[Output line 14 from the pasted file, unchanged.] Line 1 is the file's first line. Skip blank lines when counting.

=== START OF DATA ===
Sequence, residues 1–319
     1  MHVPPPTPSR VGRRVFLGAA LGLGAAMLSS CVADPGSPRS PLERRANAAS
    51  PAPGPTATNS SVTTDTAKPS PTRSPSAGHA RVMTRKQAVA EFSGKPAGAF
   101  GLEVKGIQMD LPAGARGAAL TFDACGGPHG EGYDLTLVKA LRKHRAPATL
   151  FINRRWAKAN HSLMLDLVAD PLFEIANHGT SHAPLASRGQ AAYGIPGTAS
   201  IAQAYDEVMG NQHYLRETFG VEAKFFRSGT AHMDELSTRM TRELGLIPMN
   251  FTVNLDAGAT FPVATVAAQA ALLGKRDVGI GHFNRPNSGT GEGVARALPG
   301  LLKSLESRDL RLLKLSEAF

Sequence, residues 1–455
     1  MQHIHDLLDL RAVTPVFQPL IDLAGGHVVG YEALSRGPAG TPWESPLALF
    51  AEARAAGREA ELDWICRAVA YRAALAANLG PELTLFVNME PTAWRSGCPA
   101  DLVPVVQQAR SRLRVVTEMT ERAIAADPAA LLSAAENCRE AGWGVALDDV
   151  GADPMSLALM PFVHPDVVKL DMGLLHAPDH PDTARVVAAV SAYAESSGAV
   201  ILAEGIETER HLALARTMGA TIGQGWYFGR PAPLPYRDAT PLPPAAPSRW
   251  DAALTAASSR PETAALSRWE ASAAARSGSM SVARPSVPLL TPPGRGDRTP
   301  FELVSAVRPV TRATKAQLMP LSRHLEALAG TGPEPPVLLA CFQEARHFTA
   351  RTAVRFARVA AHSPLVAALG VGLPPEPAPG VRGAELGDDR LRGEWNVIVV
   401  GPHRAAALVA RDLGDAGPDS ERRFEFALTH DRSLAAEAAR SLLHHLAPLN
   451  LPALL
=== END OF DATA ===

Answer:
   201  ILAEGIETER HLALARTMGA TIGQGWYFGR PAPLPYRDAT PLPPAAPSRW